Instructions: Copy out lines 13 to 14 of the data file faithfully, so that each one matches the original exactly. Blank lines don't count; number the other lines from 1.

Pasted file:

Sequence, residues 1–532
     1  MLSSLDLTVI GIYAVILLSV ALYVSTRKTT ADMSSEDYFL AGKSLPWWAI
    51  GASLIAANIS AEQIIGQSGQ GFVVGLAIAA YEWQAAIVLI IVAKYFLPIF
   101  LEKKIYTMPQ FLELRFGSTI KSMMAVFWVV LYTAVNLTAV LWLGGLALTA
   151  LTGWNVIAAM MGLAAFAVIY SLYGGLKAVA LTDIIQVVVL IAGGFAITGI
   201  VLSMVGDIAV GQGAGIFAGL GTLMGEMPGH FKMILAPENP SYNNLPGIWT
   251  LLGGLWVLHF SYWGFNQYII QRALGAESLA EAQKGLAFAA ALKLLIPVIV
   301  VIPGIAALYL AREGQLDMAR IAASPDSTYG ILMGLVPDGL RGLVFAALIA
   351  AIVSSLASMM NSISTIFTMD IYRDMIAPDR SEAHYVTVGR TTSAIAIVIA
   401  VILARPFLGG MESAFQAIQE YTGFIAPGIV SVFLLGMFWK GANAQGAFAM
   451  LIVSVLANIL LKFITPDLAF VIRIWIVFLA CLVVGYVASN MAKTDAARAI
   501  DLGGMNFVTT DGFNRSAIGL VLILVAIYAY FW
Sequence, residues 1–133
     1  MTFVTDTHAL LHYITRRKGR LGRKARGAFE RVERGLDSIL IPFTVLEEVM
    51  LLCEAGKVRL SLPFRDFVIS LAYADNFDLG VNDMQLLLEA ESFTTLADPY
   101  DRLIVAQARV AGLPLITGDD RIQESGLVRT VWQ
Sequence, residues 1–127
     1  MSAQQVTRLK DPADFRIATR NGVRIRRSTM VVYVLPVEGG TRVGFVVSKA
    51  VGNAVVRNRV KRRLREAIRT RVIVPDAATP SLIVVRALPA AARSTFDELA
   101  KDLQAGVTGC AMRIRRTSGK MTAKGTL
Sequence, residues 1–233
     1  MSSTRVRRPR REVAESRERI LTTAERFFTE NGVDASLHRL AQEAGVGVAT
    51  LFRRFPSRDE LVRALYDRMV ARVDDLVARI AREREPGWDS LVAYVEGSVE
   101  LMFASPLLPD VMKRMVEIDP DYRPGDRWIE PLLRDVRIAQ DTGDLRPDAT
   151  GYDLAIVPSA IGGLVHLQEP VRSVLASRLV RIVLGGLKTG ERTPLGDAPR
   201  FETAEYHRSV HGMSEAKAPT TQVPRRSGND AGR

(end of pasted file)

Sequence, residues 1–133
     1  MTFVTDTHAL LHYITRRKGR LGRKARGAFE RVERGLDSIL IPFTVLEEVM